By Bob Katzen

THE HOUSE AND SENATE. Beacon Hill Roll Call records local representatives' votes on 10 roll calls from the week of April 22-26. There were no roll calls in the Senate last week.

APPROVE $34 BILLION FISCAL 2014 STATE BUDGET (H 3400): House 127-29, voting strictly along party lines, approved and sent to the Senate an estimated $34 billion state budget for the fiscal year beginning July 1.

All Republicans voted against it while all Democrats present voted in favor. The Senate will soon draft and approve its own version.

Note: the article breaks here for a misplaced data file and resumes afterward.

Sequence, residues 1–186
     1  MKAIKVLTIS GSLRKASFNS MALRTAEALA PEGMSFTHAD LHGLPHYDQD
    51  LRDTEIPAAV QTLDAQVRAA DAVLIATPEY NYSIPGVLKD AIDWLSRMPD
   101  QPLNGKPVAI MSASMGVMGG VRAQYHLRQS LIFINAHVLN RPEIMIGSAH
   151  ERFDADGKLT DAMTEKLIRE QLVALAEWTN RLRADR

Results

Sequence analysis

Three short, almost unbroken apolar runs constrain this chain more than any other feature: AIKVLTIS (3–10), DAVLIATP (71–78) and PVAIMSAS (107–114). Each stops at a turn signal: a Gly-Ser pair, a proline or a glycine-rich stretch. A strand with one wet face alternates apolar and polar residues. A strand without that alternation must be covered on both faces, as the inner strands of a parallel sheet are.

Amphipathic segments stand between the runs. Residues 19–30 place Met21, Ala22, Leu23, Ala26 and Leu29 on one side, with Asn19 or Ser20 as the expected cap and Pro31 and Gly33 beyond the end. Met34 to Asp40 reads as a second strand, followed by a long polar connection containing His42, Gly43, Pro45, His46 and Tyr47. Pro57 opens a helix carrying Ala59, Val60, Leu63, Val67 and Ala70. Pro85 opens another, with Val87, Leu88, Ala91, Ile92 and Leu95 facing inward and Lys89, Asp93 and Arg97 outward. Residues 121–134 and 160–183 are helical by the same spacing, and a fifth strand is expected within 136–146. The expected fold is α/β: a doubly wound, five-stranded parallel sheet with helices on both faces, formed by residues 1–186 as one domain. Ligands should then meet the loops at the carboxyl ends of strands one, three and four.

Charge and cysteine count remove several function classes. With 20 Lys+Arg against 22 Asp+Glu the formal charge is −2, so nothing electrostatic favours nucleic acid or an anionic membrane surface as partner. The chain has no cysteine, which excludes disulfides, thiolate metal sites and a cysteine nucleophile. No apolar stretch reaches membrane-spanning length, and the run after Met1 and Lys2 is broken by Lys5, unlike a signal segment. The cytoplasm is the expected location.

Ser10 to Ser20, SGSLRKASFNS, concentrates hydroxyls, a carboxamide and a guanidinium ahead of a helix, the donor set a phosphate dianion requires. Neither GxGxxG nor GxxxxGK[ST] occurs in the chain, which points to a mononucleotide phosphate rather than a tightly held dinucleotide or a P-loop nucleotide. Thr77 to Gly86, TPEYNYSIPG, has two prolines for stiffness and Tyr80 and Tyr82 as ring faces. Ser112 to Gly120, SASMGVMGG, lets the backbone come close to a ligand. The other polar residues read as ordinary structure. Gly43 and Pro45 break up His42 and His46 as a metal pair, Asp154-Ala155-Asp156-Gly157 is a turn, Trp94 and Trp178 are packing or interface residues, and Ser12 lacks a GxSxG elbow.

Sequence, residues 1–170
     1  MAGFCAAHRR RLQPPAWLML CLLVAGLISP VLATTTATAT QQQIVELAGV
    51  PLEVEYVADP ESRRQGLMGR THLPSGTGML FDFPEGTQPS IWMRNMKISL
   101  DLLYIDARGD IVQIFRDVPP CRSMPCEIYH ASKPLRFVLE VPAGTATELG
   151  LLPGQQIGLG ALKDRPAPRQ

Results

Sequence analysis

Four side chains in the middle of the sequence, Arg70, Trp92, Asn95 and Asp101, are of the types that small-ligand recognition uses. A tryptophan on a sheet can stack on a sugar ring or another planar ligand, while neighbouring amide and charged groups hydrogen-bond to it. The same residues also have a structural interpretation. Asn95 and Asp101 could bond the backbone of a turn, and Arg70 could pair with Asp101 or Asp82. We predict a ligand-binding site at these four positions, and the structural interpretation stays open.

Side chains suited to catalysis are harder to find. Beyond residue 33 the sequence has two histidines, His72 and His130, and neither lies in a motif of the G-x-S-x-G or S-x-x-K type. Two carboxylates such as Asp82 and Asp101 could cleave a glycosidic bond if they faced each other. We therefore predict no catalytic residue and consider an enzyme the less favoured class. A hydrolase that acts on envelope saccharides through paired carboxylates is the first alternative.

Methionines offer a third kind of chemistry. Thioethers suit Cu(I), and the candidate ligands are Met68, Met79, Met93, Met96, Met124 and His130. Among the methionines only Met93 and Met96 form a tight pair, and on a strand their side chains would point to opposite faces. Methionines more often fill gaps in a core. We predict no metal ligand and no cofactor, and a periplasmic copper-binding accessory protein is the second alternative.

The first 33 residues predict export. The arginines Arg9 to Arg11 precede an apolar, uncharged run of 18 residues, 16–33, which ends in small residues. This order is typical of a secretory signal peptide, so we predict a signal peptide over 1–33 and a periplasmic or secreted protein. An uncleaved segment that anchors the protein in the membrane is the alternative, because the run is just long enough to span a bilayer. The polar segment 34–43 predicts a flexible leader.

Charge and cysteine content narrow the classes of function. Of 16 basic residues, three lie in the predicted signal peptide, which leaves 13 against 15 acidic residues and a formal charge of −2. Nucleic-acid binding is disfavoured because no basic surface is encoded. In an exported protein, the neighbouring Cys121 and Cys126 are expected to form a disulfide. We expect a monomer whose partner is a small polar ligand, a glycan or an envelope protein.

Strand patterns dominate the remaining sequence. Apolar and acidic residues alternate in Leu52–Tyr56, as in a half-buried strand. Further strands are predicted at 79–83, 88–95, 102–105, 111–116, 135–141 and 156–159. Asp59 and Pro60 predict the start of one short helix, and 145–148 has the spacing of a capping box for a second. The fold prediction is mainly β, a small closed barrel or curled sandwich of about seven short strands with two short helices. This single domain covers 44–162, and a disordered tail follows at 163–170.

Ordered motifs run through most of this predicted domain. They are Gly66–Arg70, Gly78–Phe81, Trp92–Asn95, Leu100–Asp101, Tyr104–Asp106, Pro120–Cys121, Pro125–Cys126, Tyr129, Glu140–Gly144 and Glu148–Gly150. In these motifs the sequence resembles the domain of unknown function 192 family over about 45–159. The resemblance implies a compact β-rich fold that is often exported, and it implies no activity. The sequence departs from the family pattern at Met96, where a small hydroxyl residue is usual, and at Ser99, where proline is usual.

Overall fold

A House-Senate conference committee will eventually craft a plan that will be approved by the House and Senate and then sent to Gov. Deval Patrick.

The House on the floor added an estimated $135 million over a three-day period. While some controversial amendments were debated on the House floor, most of the work was done behind the scenes.

Individual representatives filed dozens of amendments on the same general subject matters, including local aid, social services and public safety. They were then invited to "subject meetings" at which they pitched their amendments to Democratic leaders who drafted "consolidated amendments" that were brought to the House floor for consideration and easily approved.

(A "Yes" vote is for the budget. A "No" vote is against the budget.)

YES: Rep. Jennifer Benson.

NO: Rep. Sheila Harrington.